ERIC Educational Resources Information Center

    Baran, Evrim

    2016-01-01

    Higher education environments need further evidence of the impact of faculty technology mentoring (FTM) models on graduate students to promote and sustain these programs as well as develop policies related to their support. To address this need, the current study investigated the impact of a university-wide FTM program on participating graduate…

  5. A Follow up Randomized Controlled Trial of "Time to Read": A Volunteer Mentoring Program

    ERIC Educational Resources Information Center

    Miller, Sarah; Connolly, Paul; Maguire, Lisa K.

    2011-01-01

    "Time to Read" is a volunteer mentoring program that recruits volunteers from the local business community to spend one hour of company time each week working on a one-to-one basis with primary school children aged 8 to 9 years with the aim of improving reading skills. The authors first evaluated the program in 2006-8 using a randomized controlled…

  6. Intensive English Programs in the United States: An Overview of Structure and Mentoring

    ERIC Educational Resources Information Center

    Thompson, Amy S.

    2013-01-01

    Although English as a second language (ESL) programs are common in the United States, there is surprisingly little research documenting the existing structures and mentoring strategies they use. This lack of research could be partly due to ESL programs' widely varying internal structures (Larson, 1990) and the fact that they are often marginalized…

  7. The Implementation of Inmate Mentor Programs in the Correctional Treatment System as an Innovative Approach

    ERIC Educational Resources Information Center

    Cook, Jana; McClure, Scott; Koutsenok, Igor; Lord, Scot

    2008-01-01

    In October 2006, the California Men's Colony (CMC) in San Luis Obispo, faced with staff recruitment and retention difficulties, took an innovative step to utilize long-term sentenced inmates as peer mentors and primary counselors to lead their prison-based therapeutic community (TC) program. The program was designed, developed, and implemented…

  8. Considerations for Coursework and Mentoring in an Alternative-Route-to- Licensure Program for STEM Teachers

    ERIC Educational Resources Information Center

    Burbank, Mary D.; Shooter, Wynn; Groth, Cori A

    2014-01-01

    The purpose of this project was to investigate stakeholders' perspectives on coursework and the role of mentors within a unique teacher education program for prospective teachers of mathematics in an alternative-route-to-licensure program. The alternative route reflects a partnership between an institution of higher education, a state office…

  9. National Implications in Juvenile Justice: The Influence of Juvenile Mentoring Programs on At Risk Youth.

    ERIC Educational Resources Information Center

    Belshaw, Scott H.; Kritsonis, William Allan

    2007-01-01

    In 1972 the federal government created the Juvenile Justice Delinquency Prevention Act that procured funding for various governmental programs to combat the sudden increase in juvenile crime. A provision of this Act set out the creation of mentoring programs to help decrease the juvenile crime rate and dropout rates in secondary schools. This…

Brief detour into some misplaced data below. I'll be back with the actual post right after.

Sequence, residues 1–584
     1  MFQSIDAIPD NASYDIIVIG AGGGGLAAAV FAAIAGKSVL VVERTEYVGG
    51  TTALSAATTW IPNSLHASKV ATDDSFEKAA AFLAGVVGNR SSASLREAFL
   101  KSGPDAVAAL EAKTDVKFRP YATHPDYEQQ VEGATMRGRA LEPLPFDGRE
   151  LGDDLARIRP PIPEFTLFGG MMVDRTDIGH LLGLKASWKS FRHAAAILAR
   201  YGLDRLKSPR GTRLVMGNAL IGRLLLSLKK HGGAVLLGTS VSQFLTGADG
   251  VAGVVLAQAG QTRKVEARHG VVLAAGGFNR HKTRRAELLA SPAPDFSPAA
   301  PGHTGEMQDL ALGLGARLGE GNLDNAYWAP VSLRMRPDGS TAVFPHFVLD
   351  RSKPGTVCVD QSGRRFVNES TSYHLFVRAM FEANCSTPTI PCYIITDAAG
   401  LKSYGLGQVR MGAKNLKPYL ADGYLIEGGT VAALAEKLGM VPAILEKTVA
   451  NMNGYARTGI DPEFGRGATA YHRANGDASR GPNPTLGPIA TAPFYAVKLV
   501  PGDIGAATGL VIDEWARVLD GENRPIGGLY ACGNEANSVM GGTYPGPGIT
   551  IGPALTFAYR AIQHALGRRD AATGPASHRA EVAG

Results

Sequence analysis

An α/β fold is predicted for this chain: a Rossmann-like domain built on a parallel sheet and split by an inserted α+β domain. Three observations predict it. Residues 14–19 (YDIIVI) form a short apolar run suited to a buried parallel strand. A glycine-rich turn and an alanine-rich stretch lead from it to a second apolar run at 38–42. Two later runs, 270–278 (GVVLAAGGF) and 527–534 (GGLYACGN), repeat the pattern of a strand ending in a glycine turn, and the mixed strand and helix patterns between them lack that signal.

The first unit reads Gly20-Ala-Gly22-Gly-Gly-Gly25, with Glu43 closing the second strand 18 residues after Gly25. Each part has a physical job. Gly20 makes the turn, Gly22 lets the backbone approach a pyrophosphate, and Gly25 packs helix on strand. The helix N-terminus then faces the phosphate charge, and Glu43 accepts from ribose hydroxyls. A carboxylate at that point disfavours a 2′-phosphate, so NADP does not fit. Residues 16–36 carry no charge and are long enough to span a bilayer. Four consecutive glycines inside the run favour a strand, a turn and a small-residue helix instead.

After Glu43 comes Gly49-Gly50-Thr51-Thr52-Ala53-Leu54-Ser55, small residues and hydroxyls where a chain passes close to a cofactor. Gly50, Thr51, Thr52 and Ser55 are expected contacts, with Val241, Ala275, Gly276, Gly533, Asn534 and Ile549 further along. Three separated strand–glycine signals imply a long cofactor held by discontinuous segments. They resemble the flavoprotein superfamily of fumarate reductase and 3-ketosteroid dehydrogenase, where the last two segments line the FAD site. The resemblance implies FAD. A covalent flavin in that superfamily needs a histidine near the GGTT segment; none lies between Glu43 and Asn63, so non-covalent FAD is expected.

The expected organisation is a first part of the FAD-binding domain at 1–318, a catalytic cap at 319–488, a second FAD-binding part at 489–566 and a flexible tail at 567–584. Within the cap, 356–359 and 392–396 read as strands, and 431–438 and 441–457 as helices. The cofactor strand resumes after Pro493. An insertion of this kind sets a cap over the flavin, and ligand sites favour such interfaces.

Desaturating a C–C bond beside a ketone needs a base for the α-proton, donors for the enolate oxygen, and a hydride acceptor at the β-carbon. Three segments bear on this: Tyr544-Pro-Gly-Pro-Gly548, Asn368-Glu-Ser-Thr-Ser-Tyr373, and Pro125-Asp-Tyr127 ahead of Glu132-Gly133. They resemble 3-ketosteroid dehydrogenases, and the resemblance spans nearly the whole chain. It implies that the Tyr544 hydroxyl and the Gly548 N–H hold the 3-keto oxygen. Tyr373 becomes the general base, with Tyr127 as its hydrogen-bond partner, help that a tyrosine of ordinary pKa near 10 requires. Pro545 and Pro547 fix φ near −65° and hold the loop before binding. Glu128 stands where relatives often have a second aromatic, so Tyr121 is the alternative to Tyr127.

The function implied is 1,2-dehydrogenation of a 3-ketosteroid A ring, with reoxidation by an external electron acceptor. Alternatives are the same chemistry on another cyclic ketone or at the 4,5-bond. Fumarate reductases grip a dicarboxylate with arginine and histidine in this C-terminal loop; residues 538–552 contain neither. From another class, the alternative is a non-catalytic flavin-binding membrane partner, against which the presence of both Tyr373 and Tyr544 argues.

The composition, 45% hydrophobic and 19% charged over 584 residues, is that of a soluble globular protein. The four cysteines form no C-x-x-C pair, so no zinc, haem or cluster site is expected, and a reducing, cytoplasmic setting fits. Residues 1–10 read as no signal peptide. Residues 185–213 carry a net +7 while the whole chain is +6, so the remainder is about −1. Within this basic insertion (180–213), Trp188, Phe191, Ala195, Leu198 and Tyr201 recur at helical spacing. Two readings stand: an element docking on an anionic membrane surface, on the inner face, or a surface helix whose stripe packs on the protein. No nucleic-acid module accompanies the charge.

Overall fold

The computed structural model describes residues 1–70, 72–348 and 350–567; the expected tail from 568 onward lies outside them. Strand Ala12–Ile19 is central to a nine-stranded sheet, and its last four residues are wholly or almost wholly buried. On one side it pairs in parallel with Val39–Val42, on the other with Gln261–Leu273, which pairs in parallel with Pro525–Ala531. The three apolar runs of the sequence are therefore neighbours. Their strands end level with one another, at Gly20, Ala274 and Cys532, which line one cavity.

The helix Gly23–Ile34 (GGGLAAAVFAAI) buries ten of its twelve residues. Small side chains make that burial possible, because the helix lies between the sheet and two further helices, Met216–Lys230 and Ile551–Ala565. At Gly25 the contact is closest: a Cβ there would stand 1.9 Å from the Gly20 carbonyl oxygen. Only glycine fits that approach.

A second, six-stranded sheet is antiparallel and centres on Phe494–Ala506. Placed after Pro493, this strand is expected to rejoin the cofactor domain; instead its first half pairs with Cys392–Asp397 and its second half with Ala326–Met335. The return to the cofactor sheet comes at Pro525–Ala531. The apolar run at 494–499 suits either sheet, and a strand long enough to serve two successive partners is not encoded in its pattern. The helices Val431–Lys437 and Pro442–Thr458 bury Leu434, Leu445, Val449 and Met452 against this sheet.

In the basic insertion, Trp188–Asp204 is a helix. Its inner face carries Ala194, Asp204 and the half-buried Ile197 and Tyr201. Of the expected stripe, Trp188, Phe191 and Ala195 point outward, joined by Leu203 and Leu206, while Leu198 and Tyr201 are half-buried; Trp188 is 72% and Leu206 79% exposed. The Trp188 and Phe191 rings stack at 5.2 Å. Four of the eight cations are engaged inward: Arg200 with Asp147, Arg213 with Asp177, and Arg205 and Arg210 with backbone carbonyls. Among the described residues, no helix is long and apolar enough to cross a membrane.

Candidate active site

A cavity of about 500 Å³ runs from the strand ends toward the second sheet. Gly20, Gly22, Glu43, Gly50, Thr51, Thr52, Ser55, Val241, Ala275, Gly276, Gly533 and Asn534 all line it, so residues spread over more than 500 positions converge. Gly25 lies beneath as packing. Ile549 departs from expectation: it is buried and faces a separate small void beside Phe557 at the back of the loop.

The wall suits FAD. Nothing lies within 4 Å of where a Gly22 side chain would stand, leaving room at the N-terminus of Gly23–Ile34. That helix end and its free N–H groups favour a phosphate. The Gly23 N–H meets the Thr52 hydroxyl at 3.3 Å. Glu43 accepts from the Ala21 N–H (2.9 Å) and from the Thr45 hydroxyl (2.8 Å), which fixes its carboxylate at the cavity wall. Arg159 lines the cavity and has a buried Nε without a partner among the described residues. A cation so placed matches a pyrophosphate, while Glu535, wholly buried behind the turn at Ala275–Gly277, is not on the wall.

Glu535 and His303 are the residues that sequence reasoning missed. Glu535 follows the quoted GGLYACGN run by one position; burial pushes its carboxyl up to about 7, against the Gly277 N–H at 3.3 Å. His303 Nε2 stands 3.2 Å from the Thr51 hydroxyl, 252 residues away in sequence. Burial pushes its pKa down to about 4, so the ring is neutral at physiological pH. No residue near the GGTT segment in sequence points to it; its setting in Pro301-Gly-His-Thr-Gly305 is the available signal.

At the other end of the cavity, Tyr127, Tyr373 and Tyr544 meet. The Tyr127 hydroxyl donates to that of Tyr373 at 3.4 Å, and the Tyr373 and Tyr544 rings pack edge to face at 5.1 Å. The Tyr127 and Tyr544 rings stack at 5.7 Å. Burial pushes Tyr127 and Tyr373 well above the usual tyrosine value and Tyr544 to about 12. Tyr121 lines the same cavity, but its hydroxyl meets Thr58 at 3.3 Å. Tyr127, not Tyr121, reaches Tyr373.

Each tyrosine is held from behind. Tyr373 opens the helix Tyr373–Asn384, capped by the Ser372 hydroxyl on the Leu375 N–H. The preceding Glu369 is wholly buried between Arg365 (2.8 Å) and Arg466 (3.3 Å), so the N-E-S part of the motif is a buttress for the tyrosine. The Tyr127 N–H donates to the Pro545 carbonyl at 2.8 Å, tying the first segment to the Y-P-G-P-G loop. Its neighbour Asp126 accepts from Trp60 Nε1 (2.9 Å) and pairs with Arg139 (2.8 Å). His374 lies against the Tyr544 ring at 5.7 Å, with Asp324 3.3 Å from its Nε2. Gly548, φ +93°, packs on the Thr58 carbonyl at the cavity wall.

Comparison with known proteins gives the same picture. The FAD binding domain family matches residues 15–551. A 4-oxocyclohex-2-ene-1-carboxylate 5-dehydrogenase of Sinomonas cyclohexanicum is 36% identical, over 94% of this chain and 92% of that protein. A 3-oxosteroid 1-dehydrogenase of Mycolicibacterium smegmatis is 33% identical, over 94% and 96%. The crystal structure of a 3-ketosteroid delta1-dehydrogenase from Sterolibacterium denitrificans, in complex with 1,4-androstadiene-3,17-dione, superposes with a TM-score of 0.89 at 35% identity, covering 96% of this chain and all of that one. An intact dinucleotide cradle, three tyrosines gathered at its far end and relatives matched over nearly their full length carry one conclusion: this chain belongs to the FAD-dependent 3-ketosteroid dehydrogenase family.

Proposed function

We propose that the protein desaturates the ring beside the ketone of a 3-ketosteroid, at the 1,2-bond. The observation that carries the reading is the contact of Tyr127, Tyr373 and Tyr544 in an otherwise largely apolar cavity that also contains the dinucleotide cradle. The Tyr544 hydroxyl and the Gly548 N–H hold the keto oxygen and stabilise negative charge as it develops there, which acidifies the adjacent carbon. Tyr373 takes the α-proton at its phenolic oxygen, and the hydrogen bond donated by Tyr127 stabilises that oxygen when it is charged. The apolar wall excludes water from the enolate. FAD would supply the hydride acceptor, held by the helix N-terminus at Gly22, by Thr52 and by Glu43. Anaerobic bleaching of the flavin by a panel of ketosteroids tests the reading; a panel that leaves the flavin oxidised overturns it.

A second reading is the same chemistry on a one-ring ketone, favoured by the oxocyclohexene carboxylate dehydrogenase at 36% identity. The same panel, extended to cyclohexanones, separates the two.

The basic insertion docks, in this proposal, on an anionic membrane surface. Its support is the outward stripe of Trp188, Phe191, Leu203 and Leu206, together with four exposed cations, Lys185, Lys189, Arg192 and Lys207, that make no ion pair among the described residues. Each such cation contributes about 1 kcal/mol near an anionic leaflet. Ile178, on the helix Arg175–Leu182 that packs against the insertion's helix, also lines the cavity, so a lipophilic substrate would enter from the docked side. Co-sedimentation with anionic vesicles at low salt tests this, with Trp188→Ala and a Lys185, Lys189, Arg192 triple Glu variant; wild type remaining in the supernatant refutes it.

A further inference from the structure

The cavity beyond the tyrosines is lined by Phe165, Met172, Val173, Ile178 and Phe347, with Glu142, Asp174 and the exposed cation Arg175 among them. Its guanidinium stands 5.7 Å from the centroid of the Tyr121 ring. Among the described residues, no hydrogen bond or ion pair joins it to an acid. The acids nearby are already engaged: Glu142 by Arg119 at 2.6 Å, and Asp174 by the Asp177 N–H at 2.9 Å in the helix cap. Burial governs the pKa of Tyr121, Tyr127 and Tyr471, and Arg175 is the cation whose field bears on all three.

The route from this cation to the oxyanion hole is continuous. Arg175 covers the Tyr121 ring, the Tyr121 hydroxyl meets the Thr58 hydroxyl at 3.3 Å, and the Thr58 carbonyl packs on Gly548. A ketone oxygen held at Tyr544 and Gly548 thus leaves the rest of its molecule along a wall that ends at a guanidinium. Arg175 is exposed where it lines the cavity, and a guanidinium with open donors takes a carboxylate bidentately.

10. Mentoring new social work faculty:a gerontological perspective.

    PubMed

    Maramaldi, Peter; Gardner, Daniel; Berkman, Barbara; Ireland, Kristen; D'Ambruoso, Sarah; Howe, Judith L

    2004-01-01

    The John A. Hartford Foundation, in collaboration with the Gerontological Society of America, has developed new models to create geriatric faculty capacity within social work. The Faculty Scholars Program is building faculty leadership in academic geriatric social work through a strategic approach that includes long-distance national and institution- based mentoring. While mentoring models have proven to be effective means of career development, this is relatively new in academic social work and little is known about the impact of long-distance mentoring in association with sponsorship from a mentor at the scholar's home institution. This paper describes the mentoring model and its conceptual underpinnings. Evaluation data from an ongoing evaluation is presented in discussion of the strengths and limitations of the mentoring model. PMID:15364662

  11. The Development of and Relationship between Elgin U-46's Teacher Appraisal System and Mentor Program: 1998-2010

    ERIC Educational Resources Information Center

    Schumacher, Joseph William

    2010-01-01

    This study investigated the historical development of Elgin School District U-46's teacher appraisal system and teacher mentor program during the years of 1998-2010. In 1998 a formal mentor program was implemented for the first time in district history. Shortly thereafter, district and union leadership agreed to revamp the 25-year-old appraisal…

  12. Inspired Learning: Creating Engaged Teaching and Learning Environments for University and School Students through University to School Mentor Programs

    ERIC Educational Resources Information Center

    Koerner, Catherine; Harris, John

    2007-01-01

    The Inspire Peer Mentor Program (Inspire) operates of Flinders University in the southern suburbs of Adelaide, and has received funding from the Department of Family and Community Services and Indigenous Affairs (FaCSIA). The experience gained during the past three years has indicated that a mentoring program between the University and schools…

  13. More than Colleagues: Tracing the Experiences of Career and Technical Education Instructors Engaged in Faculty-to-Faculty Mentoring Programs